Politics is the mainstay of the action in Iron From Ice, whether it’s Mira’s intrigues or Ethan’s attempts to deal with both the internal and external politics of running House Forrester. If traditional gamers feel that adventure games like those developed by Telltale are not “proper games” for their lack of skill challenge, Iron From Ice is a poster child for that argument. Other than the minor keyboard (or controller) acrobatics at the Red Wedding, Iron From Ice mostly consists of clicking on dialogue choices.
And in this sense, Iron From Ice delivers what Game of Thrones fans want. The basic formula of the series—character development and narrative tension punctuated with scenes of vicious brutality—is intact and expertly woven together into an adventure game.
Knowledge of the series, for me, also took something away from the basic Telltale formula on which their games depend, i.e. freely experimenting with choices based on what I feel is right or wrong, in the moment. When Ramsay Snow makes his appearance at House Forrester, knowing just how much of a psychotic, dangerous bastard he is scratched certain dialogue choices immediately off the list, for me. When Mira has to decide whether to confide in anyone in King’s Landing, I know precisely what that environment is like, and the knowledge got in the way of my feeling free to experiment. Not if I wanted to play smart.
The story of the Stark family is mirrored almost perfectly in Iron From Ice, from the fatherless son sent to the Wall, a young Lord trying to keep a House intact, and an isolated Northern girl confronting the politics of King’s Landing. This could be a strike against Iron From Ice, because from a certain point of view, Game of Thrones fans have already seen this story before.
I have to say we “ostensibly” meet protagonists because at least one of them was dead by the end of my playthrough of Iron From Ice. Because Telltale games are shaped by player choices, I don’t know whether that event happens regardless of how the player handles dialogue options, or whether I sentenced the character to death with my choices. This is Game of Thrones. Anyone’s head could be on the chopping block at any time, and this quick loss of a character helps punctuate the appeal of Iron From Ice to series fans.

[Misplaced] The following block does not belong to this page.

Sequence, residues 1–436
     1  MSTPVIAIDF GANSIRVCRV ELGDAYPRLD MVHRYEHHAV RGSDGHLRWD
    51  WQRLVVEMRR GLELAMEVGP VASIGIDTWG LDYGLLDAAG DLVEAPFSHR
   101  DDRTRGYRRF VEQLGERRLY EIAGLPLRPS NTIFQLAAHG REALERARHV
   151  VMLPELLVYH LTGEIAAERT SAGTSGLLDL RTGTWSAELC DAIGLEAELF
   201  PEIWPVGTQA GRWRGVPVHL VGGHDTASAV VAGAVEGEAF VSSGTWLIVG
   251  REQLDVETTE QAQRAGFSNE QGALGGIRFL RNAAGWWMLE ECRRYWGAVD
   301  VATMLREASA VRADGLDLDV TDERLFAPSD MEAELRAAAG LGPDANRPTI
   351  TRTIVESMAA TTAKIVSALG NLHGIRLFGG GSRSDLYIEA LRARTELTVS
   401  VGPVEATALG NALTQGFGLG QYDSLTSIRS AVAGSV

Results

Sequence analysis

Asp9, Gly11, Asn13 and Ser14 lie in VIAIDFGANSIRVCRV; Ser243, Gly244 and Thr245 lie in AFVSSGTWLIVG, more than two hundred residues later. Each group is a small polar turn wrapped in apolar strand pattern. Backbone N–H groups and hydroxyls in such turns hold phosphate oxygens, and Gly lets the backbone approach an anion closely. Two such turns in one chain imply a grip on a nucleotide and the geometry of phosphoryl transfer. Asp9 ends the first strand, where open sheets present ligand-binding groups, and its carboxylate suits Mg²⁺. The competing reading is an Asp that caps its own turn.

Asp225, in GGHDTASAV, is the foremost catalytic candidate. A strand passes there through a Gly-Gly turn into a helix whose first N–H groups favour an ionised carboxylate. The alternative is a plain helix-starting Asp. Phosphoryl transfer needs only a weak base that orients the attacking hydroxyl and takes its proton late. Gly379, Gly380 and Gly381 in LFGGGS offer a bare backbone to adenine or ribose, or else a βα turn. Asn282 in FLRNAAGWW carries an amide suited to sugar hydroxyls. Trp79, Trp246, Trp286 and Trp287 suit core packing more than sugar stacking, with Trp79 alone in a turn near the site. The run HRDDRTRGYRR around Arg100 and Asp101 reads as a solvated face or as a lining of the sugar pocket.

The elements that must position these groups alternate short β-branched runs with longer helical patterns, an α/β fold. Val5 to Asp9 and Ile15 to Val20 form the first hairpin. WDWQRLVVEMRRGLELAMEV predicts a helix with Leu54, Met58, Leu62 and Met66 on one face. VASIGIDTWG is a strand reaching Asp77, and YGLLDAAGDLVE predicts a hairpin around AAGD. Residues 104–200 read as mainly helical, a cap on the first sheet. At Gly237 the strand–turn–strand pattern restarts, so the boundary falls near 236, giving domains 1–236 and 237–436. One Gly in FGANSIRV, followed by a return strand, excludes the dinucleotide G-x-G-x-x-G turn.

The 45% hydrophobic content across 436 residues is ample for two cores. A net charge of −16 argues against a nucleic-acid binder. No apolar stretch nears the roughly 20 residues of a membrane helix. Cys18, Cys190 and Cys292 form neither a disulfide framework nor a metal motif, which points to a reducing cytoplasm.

Newcomers to Telltale Games aren’t going to realize this, but Telltale has upped the ante on the art and animation quality in Iron From Ice, compared to their previous games. Where Telltale games usually feature very sharp edges and cartoon-like coloring, the art in Iron From Ice is much softer, and features more subtle gradations of color. I have to note the horse animations because they are fantastic. I haven’t seen horses done this well since Red Dead Redemption.
All the elements to recommend Iron From Ice to Game of Thrones fans are there. I think anyone who enjoys Telltale games but who does not watch Game of Thrones, should watch a few seasons of the show before they give this a try. Long-running Telltale fans get all the mechanics and design they’re used to and enjoy, but this being an interactive narrative, backstory matters so much more than ever before in a Telltale game.
The only thing missing from the Game of Thrones formula is sex, which I was most curious to see how Telltale would handle. The gut feeling I get from Iron From Ice is that Telltale may never cross the bridge into the racy stuff we see on HBO.
The Daily Dot will provide a review score for the entire first season of Game of Thrones when all episodes are released.
Disclosure: Our review copy of Game of Thrones Episode 1: Iron from Ice on Steam was provided courtesy of Telltale Games.